Churches,  Heritage,  Heritage Crime,  The Churches Conservation Trust

21st-Century Iconoclasm?

Heritage Crime…

Little Cawthorpe, Lincolnshire, St. Helen’s Church

The present church of St. Helen was constructed in 1859 to replace a medieval church, this being the third building on this site. Records indicate the earliest church having been founded here in the 1100s.

Its stained glass, designed and made by Lavers, Barraud and Westlake, was installed between 1860 and 1890. The windows were painstakingly created by highly skilled artists and craftsmen during these years. The south windows depict Christ and the Doctors and the Presentation in the Temple. The impressive west window, donated by the inimitably named Lysimachus Parker, who died in 1860, shows Noah’s Ark, the Baptism of Christ and the Crossing of the Red Sea.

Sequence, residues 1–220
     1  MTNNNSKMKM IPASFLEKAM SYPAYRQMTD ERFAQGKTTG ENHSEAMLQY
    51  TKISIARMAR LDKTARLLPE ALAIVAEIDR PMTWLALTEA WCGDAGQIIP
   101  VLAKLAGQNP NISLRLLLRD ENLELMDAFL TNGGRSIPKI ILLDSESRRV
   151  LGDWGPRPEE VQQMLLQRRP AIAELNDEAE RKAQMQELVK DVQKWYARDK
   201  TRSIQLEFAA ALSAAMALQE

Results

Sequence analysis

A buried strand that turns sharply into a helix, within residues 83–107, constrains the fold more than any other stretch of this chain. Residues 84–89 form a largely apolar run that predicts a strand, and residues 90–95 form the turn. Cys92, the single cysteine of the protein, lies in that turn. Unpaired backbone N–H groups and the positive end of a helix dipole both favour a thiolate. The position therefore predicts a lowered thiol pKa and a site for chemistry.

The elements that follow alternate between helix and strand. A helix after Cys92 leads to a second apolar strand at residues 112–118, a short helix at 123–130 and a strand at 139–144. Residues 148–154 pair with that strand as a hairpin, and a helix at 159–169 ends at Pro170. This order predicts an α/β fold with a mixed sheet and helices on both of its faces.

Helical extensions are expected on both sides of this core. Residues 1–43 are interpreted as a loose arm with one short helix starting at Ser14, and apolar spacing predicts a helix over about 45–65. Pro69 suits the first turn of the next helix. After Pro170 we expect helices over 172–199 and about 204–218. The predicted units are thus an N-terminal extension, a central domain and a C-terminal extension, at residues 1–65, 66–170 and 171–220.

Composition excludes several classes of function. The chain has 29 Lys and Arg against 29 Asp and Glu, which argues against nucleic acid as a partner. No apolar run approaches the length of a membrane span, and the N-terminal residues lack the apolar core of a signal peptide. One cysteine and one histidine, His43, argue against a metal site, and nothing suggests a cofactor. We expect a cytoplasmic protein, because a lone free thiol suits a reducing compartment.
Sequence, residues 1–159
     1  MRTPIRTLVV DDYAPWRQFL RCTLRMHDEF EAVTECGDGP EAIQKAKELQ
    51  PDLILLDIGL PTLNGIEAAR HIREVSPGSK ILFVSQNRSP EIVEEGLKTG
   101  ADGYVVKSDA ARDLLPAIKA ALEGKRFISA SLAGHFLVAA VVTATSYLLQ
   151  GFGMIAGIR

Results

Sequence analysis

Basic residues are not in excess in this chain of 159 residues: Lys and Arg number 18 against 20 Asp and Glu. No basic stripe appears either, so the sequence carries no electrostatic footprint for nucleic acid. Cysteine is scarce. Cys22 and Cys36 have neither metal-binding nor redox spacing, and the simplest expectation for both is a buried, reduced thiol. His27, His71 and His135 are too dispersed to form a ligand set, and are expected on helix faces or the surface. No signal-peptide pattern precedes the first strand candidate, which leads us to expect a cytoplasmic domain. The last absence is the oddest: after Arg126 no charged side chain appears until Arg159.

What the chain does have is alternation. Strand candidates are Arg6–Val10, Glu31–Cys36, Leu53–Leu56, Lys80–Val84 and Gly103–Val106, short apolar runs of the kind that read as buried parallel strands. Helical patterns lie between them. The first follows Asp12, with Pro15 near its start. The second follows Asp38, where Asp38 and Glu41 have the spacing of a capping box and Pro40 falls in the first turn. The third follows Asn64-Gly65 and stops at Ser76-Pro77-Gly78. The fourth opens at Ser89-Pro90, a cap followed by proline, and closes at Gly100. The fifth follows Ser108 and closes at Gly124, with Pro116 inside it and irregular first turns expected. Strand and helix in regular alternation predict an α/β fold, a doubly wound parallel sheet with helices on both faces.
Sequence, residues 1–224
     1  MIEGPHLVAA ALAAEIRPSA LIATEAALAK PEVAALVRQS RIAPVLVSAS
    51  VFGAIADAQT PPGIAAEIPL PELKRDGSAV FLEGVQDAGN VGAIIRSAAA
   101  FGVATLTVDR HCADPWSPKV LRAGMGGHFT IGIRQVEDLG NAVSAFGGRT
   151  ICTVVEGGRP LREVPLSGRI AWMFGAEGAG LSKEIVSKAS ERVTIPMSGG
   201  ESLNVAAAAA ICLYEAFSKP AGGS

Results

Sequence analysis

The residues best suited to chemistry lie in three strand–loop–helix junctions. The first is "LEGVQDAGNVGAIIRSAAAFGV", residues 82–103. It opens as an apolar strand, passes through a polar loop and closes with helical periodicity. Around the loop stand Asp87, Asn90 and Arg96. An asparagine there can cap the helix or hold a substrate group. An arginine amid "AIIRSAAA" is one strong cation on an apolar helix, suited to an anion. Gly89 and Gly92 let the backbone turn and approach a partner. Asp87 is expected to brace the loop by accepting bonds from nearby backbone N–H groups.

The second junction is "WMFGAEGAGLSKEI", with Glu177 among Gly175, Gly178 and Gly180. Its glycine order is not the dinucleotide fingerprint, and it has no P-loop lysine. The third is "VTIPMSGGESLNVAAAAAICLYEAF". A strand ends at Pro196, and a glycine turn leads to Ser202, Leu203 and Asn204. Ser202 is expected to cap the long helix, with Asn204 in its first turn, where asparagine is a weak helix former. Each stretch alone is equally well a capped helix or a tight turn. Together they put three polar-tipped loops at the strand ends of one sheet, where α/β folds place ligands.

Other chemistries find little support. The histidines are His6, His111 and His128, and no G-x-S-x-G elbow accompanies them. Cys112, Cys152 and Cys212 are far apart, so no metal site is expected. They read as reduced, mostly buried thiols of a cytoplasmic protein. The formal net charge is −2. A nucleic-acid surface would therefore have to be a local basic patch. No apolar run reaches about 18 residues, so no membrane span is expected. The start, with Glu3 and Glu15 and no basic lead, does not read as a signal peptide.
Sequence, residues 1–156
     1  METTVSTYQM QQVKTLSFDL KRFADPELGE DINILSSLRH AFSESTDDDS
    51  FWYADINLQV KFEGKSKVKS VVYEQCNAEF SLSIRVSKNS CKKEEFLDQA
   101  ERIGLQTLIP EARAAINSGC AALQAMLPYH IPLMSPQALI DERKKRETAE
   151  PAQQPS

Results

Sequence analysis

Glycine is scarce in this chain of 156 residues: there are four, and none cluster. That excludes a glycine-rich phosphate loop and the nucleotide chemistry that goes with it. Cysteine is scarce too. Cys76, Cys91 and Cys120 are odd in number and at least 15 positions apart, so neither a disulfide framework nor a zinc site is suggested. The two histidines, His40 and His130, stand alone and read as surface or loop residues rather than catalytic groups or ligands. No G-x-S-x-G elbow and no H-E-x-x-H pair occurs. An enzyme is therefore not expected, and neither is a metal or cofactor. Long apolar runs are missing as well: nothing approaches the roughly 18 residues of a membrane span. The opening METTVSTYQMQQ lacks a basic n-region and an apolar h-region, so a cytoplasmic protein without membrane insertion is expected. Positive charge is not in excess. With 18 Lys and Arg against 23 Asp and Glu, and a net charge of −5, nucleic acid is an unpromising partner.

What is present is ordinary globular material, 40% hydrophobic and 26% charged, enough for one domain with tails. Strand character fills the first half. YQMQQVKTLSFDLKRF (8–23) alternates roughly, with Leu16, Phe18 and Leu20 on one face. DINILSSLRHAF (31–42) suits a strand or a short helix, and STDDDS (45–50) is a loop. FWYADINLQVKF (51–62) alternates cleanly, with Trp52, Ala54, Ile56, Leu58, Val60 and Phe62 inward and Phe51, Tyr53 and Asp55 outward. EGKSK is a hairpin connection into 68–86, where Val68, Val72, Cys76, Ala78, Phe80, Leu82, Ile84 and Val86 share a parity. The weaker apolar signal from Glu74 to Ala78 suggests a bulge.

In April 2021 the glass was been attacked by vandals. Carefully aimed projectiles fractured very specific areas of the glass. Several heads and faces of human figures and animals along with some ball-flower ornament were smashed.

Examination of the centres-of-impact reveal circular fractures measuring about 3mm-5mm in diameter, indicating an airgun pellet, a small stone fired by a catapult or other high-velocity projectile. Some of the damage is at a height too great to have been attacked from ground level except with some kind of long implement using exceptional force.

This crime is particularly upsetting for the people who live in Little Cawthorpe, the smallest parish in Lindsey and whose residents cherish this church. Local people saved this building from certain demolition in 1996 after it was declared structurally unsound.

The Churches Conservation Trust became involved in that year and the charity now owns this historically significant building, keeping it open for everyone to visit and use as a community space. The CCT is now raising the funds necessary for the repair of this significantly historical glass. If you would like to donate, please contact